Extra bedroom solution proposed to alleviate shortage

The latest building approval data from the Australian Bureau of Statistics shows that, on a trend, housing approvals fell 1.1 per cent to 12,510 approvals in March, taking the annual drop in approvals to 7.3 per cent. percent, the lowest trend approval rate since April 2012. .

The council expects new housing supply to average around 176,000 homes per year, and projects that 903,000 private homes and a further 40,000 social and affordable homes will be built over the five years in which the government aims to build 1.2 million of housing, a deficit of 257,000. .

“In total, the net supply of new homes on the market is expected to be 1.04 million homes over the council’s six-year projection horizon,” the report says, noting that the projections do not include state measures and territorial issues expected in response to the national housing agreement. . At the same time, demand is expected to increase by 1.08 million households.

“Council projections indicate that new market supply will be less than new demand over the next six years,” the report says. “As a result, housing affordability is expected to deteriorate further over the forecast horizon.”

But the report also found that there were 6 million “spare” rooms on the night of the 2021 census, and nearly 4 million households had two or more vacant rooms.

Spender said there was a short-term opportunity for the government to help ease the rental crisis.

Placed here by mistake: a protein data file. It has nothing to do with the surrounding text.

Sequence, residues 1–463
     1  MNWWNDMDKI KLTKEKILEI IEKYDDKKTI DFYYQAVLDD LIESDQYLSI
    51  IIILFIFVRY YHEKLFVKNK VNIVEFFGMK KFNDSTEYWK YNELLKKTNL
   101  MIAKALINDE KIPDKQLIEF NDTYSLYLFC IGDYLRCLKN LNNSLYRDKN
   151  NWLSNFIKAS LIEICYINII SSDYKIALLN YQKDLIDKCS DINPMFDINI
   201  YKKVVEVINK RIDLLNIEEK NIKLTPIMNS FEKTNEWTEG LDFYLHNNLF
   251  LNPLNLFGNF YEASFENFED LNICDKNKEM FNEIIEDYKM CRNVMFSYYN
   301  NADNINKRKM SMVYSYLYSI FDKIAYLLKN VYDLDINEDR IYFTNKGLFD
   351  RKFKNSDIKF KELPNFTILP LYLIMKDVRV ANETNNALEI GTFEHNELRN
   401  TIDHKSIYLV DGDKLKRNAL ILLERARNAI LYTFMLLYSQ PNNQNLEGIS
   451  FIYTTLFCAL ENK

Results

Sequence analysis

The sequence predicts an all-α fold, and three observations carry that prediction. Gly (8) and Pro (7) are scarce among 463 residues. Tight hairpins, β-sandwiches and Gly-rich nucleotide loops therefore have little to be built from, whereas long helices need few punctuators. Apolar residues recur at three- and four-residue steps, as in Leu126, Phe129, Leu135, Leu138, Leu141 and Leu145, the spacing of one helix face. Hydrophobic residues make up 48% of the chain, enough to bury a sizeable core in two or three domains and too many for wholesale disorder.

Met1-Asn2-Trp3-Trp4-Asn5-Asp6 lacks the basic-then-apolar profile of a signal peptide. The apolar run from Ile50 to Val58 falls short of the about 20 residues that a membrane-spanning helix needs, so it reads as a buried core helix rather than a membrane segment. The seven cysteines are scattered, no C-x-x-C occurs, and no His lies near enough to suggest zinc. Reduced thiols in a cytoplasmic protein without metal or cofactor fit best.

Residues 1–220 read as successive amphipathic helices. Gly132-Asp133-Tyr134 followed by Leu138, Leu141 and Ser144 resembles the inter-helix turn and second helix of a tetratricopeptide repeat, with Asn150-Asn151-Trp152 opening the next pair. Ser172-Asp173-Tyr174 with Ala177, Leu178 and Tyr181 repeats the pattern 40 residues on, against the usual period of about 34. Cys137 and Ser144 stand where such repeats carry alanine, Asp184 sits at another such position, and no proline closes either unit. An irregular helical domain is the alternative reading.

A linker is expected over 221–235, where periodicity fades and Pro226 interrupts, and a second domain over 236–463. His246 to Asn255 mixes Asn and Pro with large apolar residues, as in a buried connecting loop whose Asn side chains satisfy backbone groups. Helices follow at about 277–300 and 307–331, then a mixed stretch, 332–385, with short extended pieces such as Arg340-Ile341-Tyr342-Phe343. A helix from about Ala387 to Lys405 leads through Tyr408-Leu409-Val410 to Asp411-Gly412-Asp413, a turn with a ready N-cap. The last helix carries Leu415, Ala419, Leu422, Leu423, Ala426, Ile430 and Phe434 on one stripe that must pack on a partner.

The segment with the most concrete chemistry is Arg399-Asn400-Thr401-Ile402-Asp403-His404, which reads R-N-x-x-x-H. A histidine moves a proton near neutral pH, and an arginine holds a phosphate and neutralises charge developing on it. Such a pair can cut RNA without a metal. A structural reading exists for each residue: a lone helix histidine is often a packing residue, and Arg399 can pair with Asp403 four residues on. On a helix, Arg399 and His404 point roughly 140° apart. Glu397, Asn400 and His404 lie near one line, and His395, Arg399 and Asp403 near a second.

“(It’s) actually pretty simple, and it’s something we should at least consider or look at (in the) short term,” he said. “How do we unlock those free rooms?”

Mr Spender said there were plenty of older people with spare rooms or a granny flat, but renting them out would mean losing the capital gains tax discount on the rented part of their home, which could have huge financial implications for people approaching to retirement.

“The potential impact on you financially is enormous,” he said.


Spender wants the government to remove that capital gains tax implication, at least in the short term, so people can rent out their spare rooms without facing a tax penalty to help free up more housing solutions for renters. It’s a solution that wouldn’t cost the federal government much money either.

“I’m in a community where 45 percent are renters. It’s a really difficult time for that community,” she said.

“If we can increase the supply… even just for the next two or three years, while we try to sort out the supply, I think that could make a real difference.”

Housing Minister Julie Collins acknowledged challenges in Australia’s housing market were ongoing and the government’s 1.2 million target was ambitious. In the October 2022-23 budget, the target was 1 million homes.

“Our party has never been afraid of a challenge,” he said in a speech introducing the State of the housing system report. “We do not pretend that it is not difficult to address the challenges that have been developing for decades. But we are trying.”

Collins said the government had invested $25 billion, including the creation of the $10 billion Australian Housing Future Fund, to address the housing crisis and build more social and affordable housing.

But beyond government spending, independent Senator Tammy Tyrell said the government needed to look at how immigrants could help fill the business shortage to build more housing.

“Homelessness can happen to anyone. I have been on a waiting list for public housing. I know what it’s like to have a pit in your stomach every day, not knowing if you’re going to have a roof over your head that night or not,” she said.


“You always need money for housing, but it’s a little redundant if there’s no one available to build it.”

Opposition housing spokesman Michael Sukkar said the housing crisis was worsening under the Labor government.

“Sadly, this government has completely run out of ideas and the only housing policies that support first-home buyers are the housing policies Labor inherited from the previous coalition government,” he said.